Wednesday, January 20, 2010

Garlic: Growing, Planting, Harvesting and Drying

At the Garlic Farm on the Isle of Wight. Via flickr.

Growing Garlic, How to Plant Garlic, Harvesting and Drying Garlic

Via Vegetable Gardening Online, h/t: theediblegarden

Scientists have found that growing garlic contains fungicides and pest feeding deterrents to benefit plants in the vegetable garden. In one scientific study, one application of garlic spray deterred aphids from peas for up to thirty days.

Everyone is familiar with the tangy cloves of garlic, and if not allow me to introduce you! It is one of the best loved herbs used to season foods and is well known for its health benefits as well.

Growing garlic can reach heights up to two feet tall and spreads six to eight inches. The blossoms are very small, white to pinkish in color.

The herb plant requires full sun for the largest cloves but may tolerate partial shade.

The plants are hardy and stand up well under frost conditions.

Garlic prefers to grow in a bed of enriched, cultivated, well-drained soil with a pH level of 4.5 to 8.3.

The best propagation method of growing garlic is to save the largest cloves from the present season's crops.

Plant cloves in the spring up to six weeks before the last expected frost. However, in all but the coldest areas, garlic grows much better if planted in the fall.

How to Plant Garlic

Plant cloves in September for autumn planting.

Mulching the beds with straw helps avoid frequent freezing and thawing from heaving the garlic bulbs.

Fall planted garlic produces bigger cloves than garlic planted in the springtime.

If seed stalks appear in the spring, pick them off promptly.

# Plant cloves of regular garlic two inches deep.

# Elephant garlic should be planted at depths up to four inches.

# Space plants six inches apart.

# Elephant garlic should be spaced a foot apart.

# Growing garlic will reach maturity in 90 to 100 days after spring planting.

# Maturity is reached in 8 months after fall planting.

Caring for Garlic Plants

Do not allow the soil to dry out when growing garlic.

The plants require an inch of water every week provided by rain or watering.

Do not water garlic as harvest time nears or bulbs will be produced with thin wrappers and a shorter storage life expectancy.

Stop watering once the leaves begin turning yellow, about three weeks prior to harvesting.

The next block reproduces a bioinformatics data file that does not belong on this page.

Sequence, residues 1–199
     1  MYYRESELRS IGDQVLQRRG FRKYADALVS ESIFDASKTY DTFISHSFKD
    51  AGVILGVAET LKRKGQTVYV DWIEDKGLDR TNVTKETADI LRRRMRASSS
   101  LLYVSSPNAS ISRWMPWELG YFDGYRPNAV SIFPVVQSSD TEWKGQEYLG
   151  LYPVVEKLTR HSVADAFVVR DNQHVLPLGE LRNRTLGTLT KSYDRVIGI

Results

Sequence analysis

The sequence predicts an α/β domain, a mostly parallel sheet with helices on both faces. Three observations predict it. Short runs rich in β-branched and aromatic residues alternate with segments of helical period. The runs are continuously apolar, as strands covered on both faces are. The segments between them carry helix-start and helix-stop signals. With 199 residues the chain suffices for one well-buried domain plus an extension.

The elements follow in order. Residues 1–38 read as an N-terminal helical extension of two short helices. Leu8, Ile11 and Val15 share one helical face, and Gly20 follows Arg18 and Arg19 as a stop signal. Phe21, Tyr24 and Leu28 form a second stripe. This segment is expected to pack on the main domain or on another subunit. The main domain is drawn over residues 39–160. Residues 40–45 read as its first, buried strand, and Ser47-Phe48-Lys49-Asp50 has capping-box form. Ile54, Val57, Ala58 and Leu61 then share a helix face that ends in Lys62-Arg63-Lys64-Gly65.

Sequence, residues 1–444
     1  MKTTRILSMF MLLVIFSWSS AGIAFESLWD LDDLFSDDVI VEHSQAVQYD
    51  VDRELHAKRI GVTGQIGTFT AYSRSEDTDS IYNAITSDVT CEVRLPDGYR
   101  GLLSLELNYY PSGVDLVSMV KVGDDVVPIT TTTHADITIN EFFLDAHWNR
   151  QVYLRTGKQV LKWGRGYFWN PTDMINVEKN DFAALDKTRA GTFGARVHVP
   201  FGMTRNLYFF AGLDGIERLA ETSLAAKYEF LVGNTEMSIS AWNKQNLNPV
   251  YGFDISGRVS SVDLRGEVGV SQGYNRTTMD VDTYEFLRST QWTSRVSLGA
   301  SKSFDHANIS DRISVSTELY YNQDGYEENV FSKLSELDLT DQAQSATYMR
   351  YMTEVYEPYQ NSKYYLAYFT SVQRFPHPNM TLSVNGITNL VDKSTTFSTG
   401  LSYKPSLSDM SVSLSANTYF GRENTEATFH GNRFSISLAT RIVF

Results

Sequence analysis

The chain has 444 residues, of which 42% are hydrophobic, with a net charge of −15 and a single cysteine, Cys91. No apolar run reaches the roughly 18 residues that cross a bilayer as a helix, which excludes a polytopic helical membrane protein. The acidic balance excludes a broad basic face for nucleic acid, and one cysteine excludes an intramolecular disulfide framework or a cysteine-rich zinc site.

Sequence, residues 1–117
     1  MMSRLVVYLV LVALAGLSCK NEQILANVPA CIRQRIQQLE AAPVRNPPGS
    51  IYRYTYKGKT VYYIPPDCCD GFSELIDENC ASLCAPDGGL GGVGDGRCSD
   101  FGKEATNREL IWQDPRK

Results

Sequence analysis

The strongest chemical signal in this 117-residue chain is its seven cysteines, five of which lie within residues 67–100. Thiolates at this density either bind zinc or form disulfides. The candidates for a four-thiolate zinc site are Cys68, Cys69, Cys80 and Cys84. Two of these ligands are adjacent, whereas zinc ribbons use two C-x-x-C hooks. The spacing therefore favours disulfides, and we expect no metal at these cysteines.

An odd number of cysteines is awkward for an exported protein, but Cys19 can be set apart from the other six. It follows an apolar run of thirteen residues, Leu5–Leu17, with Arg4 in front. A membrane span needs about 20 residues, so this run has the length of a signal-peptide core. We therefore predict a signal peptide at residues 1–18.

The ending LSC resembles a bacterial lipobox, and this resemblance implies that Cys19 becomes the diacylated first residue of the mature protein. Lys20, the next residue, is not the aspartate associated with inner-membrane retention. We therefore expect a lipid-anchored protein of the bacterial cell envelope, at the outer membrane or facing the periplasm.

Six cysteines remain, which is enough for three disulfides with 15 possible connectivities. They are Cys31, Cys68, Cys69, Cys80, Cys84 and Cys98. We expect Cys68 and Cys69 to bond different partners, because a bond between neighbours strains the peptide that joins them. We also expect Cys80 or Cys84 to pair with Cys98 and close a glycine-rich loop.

In order to produce big cloves, growing garlic needs a rich soil.

Add generous amounts of compost to the vegetable garden bed in spring.

Make sure the soil has a proper balance of nitrogen, phosphorous, and potassium. Avoid giving the plants excess nitrogen.

In addition to enriching the soil in the springtime, spray plants with liquid seaweed extract several times throughout the season.

When flower stalks appear in early summer, cut them back so that the plants devote their energy to developing bulbs.

If garlic cloves are small it could be a sign the soil is compacted.

Garlic needs a very loose soil in order to thrive.

Work in at least an inch or more of compost or other organic material before planting each season.

Harvesting and Drying Garlic at Home

Garlic is ready to harvest about three weeks after the leaves start to turn yellow.

Yellowing will proceed from the bottom up as the leaves dry, fall over, and turn brown. Ordinarily, you begin harvesting when approximately one third of the tops are brown and dry.

To harvest, pull the plants, clip off the roots to 3/8 inches long, brush off the soil, and let them cure in an airy, rain free place.

The bulbs are cured and ready to store when the leaves are crumbly, the root crown is hard, and the cloves can be cracked apart easily.

Garlic bulbs may be stored individually with the tops removed, or the dried tops may be braided together to make a garlic braid to hang in the kitchen or storage room.

Related: Gaga About Garlic

1 comments:

TomPaine said...

Hmmmmm . . . GARLIC !!!

About the only dishes not improved by the addition of this wonderful food are sweets. I use about 1/2 - 1 lb of cloves a week cooking for two people. Never tried raising it before, but this article is inspiring!

Thanks, 'tress !!
Ike